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on 2 January 2001
Ichiro Sano has just been appointed to a priced position in the Shogun's police force. Pushed by the social ambitions of his ruined family, bound by his honor to the powerful man who recommended him and shunned by his companions (who had all inherited their positions), he is under the unbearable pressure to do well and to obey without question.
The problem is that Sano has a questioning mind, and his first case, a Shinju (double ritual suicide of two lovers) is not as clear as it appears. Sano has to chose between his duty and his instincts as invertigator, and in 17th century honor-bound-japan, he might lose everything, even if he proves right!
Very believable plot and the author really makes you feel like you are in 17th century Japan. It would be better if the main caracter was a bit more self-confident. Sometimes I dispair of a happy ending with all his whining!
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on 14 November 2013
I went about looking for something different to read, when I saw this I gave it a go and was pleasantly surprised.

Being very interested in Japanese culture and history this book is very enjoyable, not having read too many mysteries myself make it even better.
Focused around a young detective Sano Ichiro he begins investigating an apparent double suicide which turns out to be more then it appears, set in the back drop of the 1600's it gives a very detailed view of life in those times. As I have mentioned if your not really into crime mysteries then this may or may not be for you but it is certainly a good read and doesn't expect you to be knowledgeable about the period or history as the majority is explained very well for everyone.

When I finished this I brought the next five, and am glad there is still more to go as I have enjoyed them all so far.
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on 29 April 2013
An excellent book, with a plot and action which makes it hard to put down. Chief Investigator Sano is an interesting character, focussed on the search for truth despite all obstacles. And the city of Edo, its people and its landscape are brought to life by a skilled writer. This is the first of her books I've read, and the first of the series - I've already ordered the next. Highly recommended.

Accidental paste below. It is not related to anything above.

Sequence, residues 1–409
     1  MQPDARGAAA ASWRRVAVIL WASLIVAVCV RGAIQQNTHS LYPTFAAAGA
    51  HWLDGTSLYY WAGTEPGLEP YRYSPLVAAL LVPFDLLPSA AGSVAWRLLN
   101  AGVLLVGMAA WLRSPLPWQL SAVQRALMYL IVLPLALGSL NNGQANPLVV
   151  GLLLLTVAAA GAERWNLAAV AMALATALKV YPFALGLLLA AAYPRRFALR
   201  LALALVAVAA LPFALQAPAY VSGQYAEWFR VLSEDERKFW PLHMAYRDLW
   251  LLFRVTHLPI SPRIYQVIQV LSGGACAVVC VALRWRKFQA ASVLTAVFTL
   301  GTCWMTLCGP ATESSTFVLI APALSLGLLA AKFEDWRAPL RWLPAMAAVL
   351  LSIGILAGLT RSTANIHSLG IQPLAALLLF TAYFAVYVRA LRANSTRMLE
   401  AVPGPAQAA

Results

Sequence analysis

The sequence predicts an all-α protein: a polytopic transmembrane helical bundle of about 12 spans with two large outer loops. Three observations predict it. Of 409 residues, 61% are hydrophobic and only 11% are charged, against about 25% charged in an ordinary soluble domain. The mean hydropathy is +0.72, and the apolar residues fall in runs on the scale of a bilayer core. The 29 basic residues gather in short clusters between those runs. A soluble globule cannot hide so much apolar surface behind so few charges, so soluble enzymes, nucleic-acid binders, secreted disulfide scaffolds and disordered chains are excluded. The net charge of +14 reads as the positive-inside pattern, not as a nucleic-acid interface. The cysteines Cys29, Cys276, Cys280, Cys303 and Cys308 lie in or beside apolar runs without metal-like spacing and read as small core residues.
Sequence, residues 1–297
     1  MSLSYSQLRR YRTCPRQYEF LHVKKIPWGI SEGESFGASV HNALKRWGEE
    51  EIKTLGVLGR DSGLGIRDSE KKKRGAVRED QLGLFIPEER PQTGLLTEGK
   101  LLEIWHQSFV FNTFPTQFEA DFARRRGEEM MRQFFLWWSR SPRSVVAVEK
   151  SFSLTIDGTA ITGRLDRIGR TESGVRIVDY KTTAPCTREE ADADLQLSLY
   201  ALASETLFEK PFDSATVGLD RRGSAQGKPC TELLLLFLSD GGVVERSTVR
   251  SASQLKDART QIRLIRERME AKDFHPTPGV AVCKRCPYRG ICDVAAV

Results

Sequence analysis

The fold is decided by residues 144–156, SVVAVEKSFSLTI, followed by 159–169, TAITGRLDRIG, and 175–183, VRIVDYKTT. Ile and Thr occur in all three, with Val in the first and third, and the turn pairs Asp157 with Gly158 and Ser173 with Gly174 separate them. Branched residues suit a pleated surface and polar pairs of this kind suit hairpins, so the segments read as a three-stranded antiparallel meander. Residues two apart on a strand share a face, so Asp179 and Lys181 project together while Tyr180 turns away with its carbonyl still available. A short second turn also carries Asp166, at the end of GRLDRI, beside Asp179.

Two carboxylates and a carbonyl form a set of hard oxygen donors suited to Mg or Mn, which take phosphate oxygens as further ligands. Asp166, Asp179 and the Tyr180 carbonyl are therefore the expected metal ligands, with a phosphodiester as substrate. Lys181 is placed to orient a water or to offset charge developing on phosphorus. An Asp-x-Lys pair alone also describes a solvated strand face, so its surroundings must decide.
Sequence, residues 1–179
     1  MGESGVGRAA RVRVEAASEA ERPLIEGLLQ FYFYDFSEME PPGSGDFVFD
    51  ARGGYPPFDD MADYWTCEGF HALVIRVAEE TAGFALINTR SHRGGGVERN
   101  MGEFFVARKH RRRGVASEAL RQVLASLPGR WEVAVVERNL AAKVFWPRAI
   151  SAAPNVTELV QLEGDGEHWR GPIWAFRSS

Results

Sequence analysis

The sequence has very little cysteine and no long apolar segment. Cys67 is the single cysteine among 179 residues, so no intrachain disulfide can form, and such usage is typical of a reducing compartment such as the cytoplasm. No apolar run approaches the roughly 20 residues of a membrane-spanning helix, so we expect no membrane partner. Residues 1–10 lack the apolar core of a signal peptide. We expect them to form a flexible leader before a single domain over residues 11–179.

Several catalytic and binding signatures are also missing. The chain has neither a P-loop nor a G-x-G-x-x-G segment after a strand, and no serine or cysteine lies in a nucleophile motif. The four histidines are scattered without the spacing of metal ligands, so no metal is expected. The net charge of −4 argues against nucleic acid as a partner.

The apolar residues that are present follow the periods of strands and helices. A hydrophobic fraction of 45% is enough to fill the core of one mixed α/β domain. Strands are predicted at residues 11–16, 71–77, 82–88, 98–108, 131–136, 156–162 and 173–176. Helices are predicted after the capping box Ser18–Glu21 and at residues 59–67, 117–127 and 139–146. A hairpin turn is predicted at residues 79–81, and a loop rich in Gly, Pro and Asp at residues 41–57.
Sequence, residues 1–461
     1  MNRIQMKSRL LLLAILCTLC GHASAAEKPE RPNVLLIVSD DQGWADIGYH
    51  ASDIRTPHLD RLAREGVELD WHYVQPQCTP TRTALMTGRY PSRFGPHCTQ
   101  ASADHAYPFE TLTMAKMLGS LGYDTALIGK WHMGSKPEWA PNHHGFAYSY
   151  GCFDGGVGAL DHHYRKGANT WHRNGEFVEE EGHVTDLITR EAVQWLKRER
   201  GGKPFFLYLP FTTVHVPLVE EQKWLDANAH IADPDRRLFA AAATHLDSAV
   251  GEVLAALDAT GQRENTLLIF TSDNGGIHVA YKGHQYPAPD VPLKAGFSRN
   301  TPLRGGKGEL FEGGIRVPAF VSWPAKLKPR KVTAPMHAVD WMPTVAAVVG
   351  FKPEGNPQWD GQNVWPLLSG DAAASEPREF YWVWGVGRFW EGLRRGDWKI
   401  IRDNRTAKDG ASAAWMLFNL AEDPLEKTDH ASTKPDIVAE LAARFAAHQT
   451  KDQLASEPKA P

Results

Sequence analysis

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on 15 February 2013
I did quite enjoy the book, I like reading historical novels and Shinju I thought gave an insight to life in 17 century Japan
the murder story its self was fairly ordinary but was enough to keep me interested,
the condition of the book was "used but good" and I have no complaints.
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on 21 December 2014
Really enjoyed reading this book - tough to remember the Japanese names at first but a great read. Also enjoyed Lian Hearn similar sort of stories.
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on 9 March 2016
I enjoyed this, a detective story takes place in a credible historical setting, interesting as well as a good yarn. Left me wanting to read more.
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on 28 August 2012
a must have rowland does it again have all the series you can really get lost in the character sano and how his career progresses a must read
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on 20 January 2010
I came to this book having just finished reading "Tokaido" by Lucia St Clair Robson, hence my disappointment. Ms Robson creates a suberb atmosphere of Japan during this period with excellent charactureisation, one really cares what happens to the main protagonists. The storyline is gripping building to a great final chapter. By comparison Shinju is lightweight the main characture Sano Ichiro a Yoriki (policeman) is lackluster. I didn't really care what his fate awaited him. I also found the dialogue in a modern idiom detracted both from my enjoyment and the atmosphere. I agree with the Denver Post review quoted in the book "you'll immediately recognise him (Sano) as an ancestor of Philip Marlow or Sam Spade and Kikrus Reviews "a Japanese echo of Presumed Innocent". I'd have bought the originals if I'd wanted these stories.
Having said that I'll give the author another chance with her next book "Bundori" before I move on.
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on 18 December 2015
Detective mystery in feudal japan.
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on 7 April 2015
excellent series
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